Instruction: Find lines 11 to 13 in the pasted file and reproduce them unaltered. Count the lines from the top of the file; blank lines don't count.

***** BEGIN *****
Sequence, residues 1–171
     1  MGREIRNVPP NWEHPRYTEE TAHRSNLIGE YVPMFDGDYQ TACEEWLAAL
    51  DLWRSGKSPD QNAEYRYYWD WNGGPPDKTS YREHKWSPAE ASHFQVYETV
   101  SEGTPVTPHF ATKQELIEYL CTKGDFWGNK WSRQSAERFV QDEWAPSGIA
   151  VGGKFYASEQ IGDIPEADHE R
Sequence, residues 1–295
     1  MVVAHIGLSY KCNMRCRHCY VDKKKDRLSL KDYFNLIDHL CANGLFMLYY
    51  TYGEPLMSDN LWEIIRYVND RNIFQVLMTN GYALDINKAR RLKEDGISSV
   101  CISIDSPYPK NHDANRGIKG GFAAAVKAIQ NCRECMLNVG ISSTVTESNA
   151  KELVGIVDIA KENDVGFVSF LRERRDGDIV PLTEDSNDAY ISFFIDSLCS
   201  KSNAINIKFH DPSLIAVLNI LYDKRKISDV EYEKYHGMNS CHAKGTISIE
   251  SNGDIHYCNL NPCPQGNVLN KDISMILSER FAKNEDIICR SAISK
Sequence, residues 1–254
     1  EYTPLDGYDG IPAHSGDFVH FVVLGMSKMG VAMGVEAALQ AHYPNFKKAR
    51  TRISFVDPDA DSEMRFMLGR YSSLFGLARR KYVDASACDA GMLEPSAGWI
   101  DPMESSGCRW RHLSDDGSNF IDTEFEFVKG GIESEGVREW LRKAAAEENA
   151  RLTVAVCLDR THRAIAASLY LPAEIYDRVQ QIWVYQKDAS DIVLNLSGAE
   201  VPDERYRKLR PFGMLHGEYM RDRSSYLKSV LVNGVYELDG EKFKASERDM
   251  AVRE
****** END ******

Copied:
   201  KSNAINIKFH DPSLIAVLNI LYDKRKISDV EYEKYHGMNS CHAKGTISIE
   251  SNGDIHYCNL NPCPQGNVLN KDISMILSER FAKNEDIICR SAISK
Sequence, residues 1–254